EVs to emit forest sounds and choir music to warn pedestrians
Silence can be deadly when it comes to pedestrian safety amidst traffic, and the once desirable quietness setting electric vehicles (EVs) apart may be a thing of the past, according to an industry expert.
Twigs breaking, leaves rustling, wind whooshing – these sounds of the forest could soon signal an EV coming around the corner to alert pedestrians and cyclists if New Zealand follows the lead taken by overseas lawmakers.
Research has found near-silent EVs are up to twice as likely to have a collision with a pedestrian, primarily as a result of the difficulty in hearing them approaching.
To combat this, legislation in Europe and elsewhere is being penned requiring new EVs to make some sort of noise while driving at city speeds from next year.
And some automotive makers are turning to the natural environment for inspiration.
“As we transition from internal combustion to battery-powered vehicles, the absence of engine noise presents a potential for risk road users - particularly those with vision impairments,” says Volvo general manager New Zealand Coby Duggan.
“Pedestrians and cyclists often rely on their ability to hear a vehicle as it approaches and drivers will also adapt their driving to engine sounds such as over-revving, allowing them to keep their eyes focused on the road.
“European legislation will see the Acoustic Vehicle Alerting System (AVAS) become mandatory on new vehicles from mid next year to help ensure the safety of road users as we migrate to an electric power source,” says Duggan.
“A key element of acclimatising first-time EV owners to their new vehicles will see the introduction of a range of ambient sound effects to the vehicle's interior and exterior features,” he says.
By 1 July 2021 all new vehicles sold in or imported to the EU, regardless of their type, must be equipped with an AVAS, as laid out in EU Regulation 540/2014.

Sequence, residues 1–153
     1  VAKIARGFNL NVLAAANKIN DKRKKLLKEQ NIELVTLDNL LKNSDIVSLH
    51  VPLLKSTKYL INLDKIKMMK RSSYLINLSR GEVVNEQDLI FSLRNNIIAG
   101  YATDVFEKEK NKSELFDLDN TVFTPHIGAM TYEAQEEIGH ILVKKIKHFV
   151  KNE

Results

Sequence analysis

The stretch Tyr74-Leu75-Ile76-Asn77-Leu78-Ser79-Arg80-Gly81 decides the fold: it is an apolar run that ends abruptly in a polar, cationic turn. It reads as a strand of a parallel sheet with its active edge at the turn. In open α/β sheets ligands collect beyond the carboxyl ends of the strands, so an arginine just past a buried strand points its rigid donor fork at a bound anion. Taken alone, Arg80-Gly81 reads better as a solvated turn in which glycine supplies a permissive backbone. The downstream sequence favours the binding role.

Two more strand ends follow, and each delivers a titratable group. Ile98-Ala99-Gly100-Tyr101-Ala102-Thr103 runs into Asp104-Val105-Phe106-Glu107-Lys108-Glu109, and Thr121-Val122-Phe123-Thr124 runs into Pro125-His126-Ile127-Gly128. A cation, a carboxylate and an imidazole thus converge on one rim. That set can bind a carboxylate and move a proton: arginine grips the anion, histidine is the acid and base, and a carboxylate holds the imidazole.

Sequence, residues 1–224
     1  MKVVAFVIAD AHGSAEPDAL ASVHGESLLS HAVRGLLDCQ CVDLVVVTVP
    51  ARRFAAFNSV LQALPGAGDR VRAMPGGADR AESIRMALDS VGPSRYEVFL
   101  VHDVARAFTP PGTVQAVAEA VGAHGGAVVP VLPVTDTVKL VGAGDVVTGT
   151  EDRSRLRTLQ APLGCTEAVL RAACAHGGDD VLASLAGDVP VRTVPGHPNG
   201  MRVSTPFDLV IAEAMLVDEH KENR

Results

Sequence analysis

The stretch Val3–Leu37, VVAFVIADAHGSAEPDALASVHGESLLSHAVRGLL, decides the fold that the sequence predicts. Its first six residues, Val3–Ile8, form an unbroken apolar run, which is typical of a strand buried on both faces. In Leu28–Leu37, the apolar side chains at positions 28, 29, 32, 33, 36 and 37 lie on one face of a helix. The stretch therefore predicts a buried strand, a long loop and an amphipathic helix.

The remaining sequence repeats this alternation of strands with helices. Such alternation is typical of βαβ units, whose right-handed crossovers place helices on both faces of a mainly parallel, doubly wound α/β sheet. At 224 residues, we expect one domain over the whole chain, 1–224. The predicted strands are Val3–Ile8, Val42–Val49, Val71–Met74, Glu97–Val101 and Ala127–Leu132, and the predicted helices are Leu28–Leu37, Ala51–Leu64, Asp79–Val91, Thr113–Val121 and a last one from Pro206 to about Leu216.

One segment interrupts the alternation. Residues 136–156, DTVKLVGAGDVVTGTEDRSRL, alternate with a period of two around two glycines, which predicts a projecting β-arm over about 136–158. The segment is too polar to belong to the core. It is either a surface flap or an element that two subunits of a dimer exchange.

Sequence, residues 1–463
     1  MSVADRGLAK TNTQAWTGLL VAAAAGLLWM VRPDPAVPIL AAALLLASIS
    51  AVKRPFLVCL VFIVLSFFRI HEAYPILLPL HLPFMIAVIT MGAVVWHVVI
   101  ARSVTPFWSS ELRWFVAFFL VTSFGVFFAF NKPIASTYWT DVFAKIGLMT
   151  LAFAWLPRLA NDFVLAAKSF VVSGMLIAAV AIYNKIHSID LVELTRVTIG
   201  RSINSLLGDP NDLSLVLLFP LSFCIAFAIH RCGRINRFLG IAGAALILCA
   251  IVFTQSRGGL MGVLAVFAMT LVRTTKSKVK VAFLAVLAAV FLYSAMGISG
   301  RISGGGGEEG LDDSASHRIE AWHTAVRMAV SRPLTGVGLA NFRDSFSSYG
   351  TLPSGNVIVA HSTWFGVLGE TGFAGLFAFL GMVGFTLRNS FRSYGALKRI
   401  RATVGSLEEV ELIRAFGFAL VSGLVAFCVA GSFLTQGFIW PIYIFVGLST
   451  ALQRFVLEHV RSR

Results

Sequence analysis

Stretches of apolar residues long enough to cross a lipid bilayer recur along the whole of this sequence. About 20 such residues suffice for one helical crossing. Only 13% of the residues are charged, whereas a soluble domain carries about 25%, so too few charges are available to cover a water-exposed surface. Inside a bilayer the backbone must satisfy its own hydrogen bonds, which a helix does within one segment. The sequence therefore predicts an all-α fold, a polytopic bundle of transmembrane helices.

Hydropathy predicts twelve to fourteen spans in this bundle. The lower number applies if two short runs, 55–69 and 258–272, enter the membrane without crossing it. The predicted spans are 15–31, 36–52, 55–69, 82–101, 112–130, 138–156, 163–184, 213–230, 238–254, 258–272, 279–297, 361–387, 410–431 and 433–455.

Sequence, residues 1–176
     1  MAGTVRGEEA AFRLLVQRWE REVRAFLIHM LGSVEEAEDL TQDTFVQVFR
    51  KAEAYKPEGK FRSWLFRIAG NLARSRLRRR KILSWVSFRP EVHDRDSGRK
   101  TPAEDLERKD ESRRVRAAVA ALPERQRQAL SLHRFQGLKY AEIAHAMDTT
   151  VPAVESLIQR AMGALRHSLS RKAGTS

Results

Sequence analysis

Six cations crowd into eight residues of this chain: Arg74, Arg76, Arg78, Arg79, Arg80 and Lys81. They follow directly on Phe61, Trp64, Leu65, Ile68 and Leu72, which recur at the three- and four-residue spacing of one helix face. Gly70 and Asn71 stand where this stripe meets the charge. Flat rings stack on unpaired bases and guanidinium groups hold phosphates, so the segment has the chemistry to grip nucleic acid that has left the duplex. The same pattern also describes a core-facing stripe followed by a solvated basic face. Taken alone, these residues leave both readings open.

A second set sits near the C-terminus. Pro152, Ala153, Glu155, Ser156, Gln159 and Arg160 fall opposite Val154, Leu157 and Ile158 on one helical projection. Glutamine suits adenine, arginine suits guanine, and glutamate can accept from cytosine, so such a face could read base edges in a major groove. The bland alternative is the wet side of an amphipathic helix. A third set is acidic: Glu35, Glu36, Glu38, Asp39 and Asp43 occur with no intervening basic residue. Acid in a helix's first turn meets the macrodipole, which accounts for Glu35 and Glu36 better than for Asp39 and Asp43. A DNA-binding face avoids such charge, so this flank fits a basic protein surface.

The legislation, however, does not specify what type of noise or sound a vehicle must make to comply with the potential new safety measures, giving manufacturers creative licence to come up with their own.
For example, Volvo designers have previously researched the sound of hundreds of spruce and fir tree twigs snapping as the foundation for a distinctive turning signal sound which is now found in many of their vehicles.
Duggan says Volvo sound engineers snapped and recorded over 300 sticks in a Swedish forest before the right base sound was found for the source audio file.
“They then layered the sound and adjusted its pitch up and down to create the noise before slowing the timing between the clicks to a more calming rate of about 150 beats per minute, to create the final sound that Volvo drivers hear when turning or changing lanes,” he says.
All the twigs that were snapped were from dead trees found on the forest floor, in keeping with the company ethos, says Duggan.
Snapping sticks aren't the only sound that could be making its way onto the road. Human vocal samples have also been tested.
The Volvo XC40 Recharge will use a vocal sample as the base for the noise the vehicle makes when standing still.
The sample will resemble a slowly pulsing choral ensemble that's intended to be calming, according to Duggan.
The sound is subtle and designed to be heard from about six feet away. While the vehicle is moving forward, a slight hum is created. It gets louder as the vehicle speeds up and cuts off at about 29 km/h.
Duggan says the noises are created from the desire to reduce the sound pollution of vehicles as much as possible while still emitting audio that warns pedestrians, cyclists, and other drivers of the approach of a vehicle.
He says New Zealand does not currently have any regulations covering the mandatory use of AVAS.